I always thought you can’t make real French baguettes at home, but once I tried it I realized I was wrong. Again. You’re going to be fairly shocked when you realize just how simple this is. The only way to make bread this any more French is to put some butter on it!
Place yeast into the bottom of a large mixing bowl and stir with water; mix in salt. Beat flour into yeast mixture with a wooden spoon until dough is thick and sticky and pulls flour from the side of the bowl, 5 to 10 minutes.
Cover bowl with plastic wrap and let stand in a turned-off oven until doubled in size, 12 to 14 hours. Dough will be bubbly and very sticky.
Place a silicone baking mat onto a baking sheet and dust generously with cornmeal.
Use a floured spatula to scrape dough out onto a well-floured work surface and dust dough with flour. With well-floured hands, pat dough into a rectangle and cut into 4 equal-size pieces.
Dust a piece of dough with flour and use your floured fingers to gently roll and stretch it out into a log about 10 inches long and 1 1/2 inches around. Gently transfer to prepared baking sheet. If desired, wipe off excess cornmeal with a damp paper towel. Repeat with another piece of dough. (Reserve remaining dough to bake later or prepare 2 baking sheets to bake all 4 at once). Dust loaves lightly with flour. Dust a large piece of plastic wrap with flour and drape plastic lightly over the baking sheet with floured side down.
Let loaves rise, covered, until doubled, 1 to 1 1/2 hour.
Move oven racks to the bottom and middle positions. Preheat oven to 500 degrees F (260 degrees C) or as high as your oven will go. Place an oven-safe baking dish full of water into bottom rack of the oven.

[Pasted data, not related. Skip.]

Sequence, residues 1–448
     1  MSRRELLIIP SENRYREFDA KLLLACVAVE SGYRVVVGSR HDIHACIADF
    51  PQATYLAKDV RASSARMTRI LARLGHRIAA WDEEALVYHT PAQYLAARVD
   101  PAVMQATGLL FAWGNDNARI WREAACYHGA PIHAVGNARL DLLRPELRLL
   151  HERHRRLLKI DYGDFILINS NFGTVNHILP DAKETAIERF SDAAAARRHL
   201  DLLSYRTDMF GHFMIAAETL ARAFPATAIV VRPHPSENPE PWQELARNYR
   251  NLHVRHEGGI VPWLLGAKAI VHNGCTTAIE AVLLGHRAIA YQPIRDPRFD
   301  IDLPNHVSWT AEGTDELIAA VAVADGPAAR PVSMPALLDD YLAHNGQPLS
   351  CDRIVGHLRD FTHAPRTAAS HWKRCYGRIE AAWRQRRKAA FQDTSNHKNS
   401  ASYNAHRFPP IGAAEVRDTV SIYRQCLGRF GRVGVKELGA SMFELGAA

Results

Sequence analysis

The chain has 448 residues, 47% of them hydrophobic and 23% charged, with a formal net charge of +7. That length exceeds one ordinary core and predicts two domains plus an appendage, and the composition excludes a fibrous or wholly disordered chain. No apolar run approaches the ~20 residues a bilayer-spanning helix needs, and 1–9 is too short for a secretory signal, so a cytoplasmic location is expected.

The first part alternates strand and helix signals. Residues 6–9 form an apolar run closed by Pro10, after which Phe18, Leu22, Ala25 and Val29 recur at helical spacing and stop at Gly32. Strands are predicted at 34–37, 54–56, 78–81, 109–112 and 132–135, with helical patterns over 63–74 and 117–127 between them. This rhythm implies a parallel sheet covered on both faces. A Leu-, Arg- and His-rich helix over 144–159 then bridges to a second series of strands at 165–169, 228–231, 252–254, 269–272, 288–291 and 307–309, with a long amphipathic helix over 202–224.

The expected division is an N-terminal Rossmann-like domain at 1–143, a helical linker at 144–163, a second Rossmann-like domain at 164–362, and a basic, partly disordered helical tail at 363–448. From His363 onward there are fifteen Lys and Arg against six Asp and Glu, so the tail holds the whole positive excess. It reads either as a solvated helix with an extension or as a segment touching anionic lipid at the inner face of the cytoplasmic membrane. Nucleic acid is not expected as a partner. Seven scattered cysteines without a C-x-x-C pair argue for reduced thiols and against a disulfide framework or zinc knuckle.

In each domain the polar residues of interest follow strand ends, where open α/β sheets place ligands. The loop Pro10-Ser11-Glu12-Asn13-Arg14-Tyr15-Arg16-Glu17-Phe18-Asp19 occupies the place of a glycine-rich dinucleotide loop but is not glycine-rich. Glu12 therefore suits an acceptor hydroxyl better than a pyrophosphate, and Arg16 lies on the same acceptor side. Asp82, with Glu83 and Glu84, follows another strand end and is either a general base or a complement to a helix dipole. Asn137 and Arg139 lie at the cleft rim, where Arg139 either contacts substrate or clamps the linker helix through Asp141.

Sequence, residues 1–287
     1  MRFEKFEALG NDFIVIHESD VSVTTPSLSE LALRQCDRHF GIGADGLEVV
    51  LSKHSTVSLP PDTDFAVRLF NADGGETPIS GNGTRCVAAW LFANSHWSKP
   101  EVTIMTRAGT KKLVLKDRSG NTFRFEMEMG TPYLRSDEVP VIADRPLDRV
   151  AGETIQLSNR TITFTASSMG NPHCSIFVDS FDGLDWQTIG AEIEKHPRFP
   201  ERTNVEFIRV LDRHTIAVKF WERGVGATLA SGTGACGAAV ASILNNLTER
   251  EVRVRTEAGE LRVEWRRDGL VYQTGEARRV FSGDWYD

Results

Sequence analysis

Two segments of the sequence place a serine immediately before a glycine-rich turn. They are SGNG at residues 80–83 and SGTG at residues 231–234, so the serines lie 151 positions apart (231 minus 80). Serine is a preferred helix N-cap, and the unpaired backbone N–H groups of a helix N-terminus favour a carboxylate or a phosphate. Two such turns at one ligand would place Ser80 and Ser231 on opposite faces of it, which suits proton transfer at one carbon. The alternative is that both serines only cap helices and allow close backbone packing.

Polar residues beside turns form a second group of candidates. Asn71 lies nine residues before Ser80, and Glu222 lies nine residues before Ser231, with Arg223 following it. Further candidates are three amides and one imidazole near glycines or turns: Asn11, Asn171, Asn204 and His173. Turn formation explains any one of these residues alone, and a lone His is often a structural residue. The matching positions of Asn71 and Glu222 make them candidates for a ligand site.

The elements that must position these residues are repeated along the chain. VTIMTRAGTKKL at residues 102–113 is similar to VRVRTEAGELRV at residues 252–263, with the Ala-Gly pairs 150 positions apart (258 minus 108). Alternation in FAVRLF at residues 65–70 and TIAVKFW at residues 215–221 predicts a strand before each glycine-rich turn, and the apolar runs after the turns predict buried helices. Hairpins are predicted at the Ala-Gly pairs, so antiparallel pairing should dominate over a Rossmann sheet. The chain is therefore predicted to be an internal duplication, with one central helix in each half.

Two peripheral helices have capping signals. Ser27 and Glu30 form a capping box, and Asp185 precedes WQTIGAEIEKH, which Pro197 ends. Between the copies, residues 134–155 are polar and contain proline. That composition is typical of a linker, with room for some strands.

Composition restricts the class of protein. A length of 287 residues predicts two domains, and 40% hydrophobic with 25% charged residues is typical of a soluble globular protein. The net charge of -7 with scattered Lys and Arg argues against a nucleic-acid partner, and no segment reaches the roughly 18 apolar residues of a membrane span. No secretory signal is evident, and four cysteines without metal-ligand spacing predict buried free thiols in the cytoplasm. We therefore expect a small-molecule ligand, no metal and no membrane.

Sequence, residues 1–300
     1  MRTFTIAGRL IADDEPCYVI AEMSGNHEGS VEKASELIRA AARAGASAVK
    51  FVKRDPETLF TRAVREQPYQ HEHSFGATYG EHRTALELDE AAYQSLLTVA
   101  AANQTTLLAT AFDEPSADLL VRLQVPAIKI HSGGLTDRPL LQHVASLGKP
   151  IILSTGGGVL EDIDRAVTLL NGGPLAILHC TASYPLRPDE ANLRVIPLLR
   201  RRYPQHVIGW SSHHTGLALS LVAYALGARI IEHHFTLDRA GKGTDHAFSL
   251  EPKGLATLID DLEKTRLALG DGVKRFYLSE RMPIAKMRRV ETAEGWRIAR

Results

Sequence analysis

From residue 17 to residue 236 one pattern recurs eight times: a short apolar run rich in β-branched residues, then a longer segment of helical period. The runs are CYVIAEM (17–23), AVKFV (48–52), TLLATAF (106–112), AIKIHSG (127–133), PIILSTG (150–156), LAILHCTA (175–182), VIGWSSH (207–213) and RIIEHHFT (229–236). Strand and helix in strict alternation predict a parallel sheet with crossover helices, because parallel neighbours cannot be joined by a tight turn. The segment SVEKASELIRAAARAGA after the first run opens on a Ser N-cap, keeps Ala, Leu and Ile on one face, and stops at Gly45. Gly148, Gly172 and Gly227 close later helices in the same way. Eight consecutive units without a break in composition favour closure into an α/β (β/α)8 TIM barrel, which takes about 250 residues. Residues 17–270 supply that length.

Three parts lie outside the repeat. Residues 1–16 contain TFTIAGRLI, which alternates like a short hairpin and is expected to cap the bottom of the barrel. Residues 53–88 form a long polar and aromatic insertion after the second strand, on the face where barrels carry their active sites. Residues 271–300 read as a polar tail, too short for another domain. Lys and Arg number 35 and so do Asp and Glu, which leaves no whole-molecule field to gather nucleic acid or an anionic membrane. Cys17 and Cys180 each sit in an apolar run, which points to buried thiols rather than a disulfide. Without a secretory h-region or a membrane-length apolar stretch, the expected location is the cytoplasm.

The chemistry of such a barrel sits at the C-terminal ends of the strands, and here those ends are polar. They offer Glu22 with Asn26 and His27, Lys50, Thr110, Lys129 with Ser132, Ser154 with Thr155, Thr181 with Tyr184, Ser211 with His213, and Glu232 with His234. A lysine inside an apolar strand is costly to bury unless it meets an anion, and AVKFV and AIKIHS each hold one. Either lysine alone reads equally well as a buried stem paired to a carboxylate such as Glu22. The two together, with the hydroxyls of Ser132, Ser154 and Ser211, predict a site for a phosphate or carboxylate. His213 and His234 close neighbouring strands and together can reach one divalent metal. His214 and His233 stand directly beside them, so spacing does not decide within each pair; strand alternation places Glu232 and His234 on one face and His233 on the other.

Use a sharp kitchen shears to cut 4 or 5 angled slashes into the top of each loaf. Poke down the little sharp tips of dough left by the scissors. Spray loaves with water, using a spray bottle.
Bake in the preheated oven until baguettes are browned, about 15 minutes, spraying loaves with water after 5 minutes and 10 minutes. Turn the pan around on the second spraying.
Transfer baguettes to a cooling rack and let cool to room temperature before slicing with a serrated knife.
Per Serving: 305 calories; protein 8.7g; carbohydrates 63.8g; fat 0.8g; sodium 681.8mg.
The best flavour of the flour can make a real difference to your bread. Different makers do vary. Extra-strong or Canadian flours, which are bet higher in gluten, may give you a best rise than standard dough flours – especially if you’re make wholemeal bread , which doesn’t always getting bigger as well as white bread.
To made this in a dough , add all the menus to your breadmaker and follow the makers instructions.
A dough’s first rising can be done in the fridge 24 hours . This slows down the time it takes to rise to double its size, giving it a deeper flavour. It’s also a great timesaver , as you can start it yesterday , then clear it off the next day.